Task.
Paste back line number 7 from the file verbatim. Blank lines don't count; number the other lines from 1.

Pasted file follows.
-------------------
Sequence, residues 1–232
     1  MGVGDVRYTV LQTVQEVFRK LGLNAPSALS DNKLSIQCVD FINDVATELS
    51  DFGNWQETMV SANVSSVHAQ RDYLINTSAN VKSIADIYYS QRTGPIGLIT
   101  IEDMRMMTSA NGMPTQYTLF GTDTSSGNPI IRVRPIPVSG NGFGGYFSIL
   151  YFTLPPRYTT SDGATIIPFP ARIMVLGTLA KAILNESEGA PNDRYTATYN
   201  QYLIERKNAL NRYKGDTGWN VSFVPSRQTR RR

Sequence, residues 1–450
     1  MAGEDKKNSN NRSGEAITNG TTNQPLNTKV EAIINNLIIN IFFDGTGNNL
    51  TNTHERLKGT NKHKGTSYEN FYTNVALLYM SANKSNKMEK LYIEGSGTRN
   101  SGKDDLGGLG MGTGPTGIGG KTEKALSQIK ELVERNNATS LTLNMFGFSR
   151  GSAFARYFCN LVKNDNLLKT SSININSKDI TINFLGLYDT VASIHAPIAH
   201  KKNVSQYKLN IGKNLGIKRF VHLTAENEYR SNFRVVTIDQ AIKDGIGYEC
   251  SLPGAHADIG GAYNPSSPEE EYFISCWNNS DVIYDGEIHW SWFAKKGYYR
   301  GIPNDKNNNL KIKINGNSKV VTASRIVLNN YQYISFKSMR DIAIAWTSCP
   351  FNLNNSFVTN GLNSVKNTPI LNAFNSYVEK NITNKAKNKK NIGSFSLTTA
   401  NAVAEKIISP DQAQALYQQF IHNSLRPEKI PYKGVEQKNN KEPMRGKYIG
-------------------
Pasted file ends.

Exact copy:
Sequence, residues 1–450